Medical is hugely important to look into. I ask clients to have vet checks before their consultations but often these don’t consist of much. If you have any doubts don’t be afraid to push for more tests, get a second opinion.

You know your dog, I believe we get a sense when our animals aren’t right or are in discomfort. If there’s an underlying medical issue, then it’s really hard to move forwards.

Relationship and past learning history

You yelled at your dog once? That’s okay, you’re human. Maybe when you first started you read that you need to punish the behaviour, so you used a spray bottle or your voice or a lead jerk.

Don’t beat yourself up for what’s happened. We can only do what we can with the information we have at the time. And the best thing, you’ve advanced and improved!

We need to take these things into consideration though, we might need to start with rebuilding the relationship and rebuild a reinforcement history when we are out on walks.

My plan might look like,

I’m going to forget about working on the behaviour for two weeks. I’m going to reward my dog for every check in, play with toys, engage and have fun times.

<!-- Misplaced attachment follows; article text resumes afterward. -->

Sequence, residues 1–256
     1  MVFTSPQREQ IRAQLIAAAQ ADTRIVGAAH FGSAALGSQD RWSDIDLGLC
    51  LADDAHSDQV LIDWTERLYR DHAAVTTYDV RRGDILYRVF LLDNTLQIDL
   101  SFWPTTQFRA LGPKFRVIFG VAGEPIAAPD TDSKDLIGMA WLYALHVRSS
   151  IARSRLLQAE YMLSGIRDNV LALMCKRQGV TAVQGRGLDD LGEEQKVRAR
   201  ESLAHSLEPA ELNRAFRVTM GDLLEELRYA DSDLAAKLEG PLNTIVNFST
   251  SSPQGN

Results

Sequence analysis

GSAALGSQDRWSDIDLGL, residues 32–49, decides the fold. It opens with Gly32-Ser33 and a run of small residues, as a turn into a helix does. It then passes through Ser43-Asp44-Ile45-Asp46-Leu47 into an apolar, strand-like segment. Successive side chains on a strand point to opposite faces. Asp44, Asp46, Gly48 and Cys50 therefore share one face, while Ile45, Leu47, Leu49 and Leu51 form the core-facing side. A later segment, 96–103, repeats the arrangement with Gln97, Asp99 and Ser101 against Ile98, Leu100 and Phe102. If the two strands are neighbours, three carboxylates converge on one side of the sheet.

I’m going to work on my frustration by breathing and moving away when I feel triggered by my dog’s behaviour.


Without a doubt one of the biggest reasons we fail. Some of the reasons behind this is we don’t try one plan for long enough, we forget to take treats or we run out of treats, the dog is walked by different people who use different methods.

My plan might be,

I get tired at the end of the week and don’t feel like cutting treats. I loose confidence and motivation.

I’ll try to make the end of the week more home based activities, or go somewhere we both love. I’ll stock up on easy to grab treats such as liver paste for these times.


Ah the big one we dream of changing! But let me tell you something, it’s not always greener. I have a stranger reactive dog and I live above a pub! Nightmare. But actually the good thing is I can manage him through busier times by picking him up. I know were I will need to step in. I can work on his confidence in extreme areas. It’s predictable.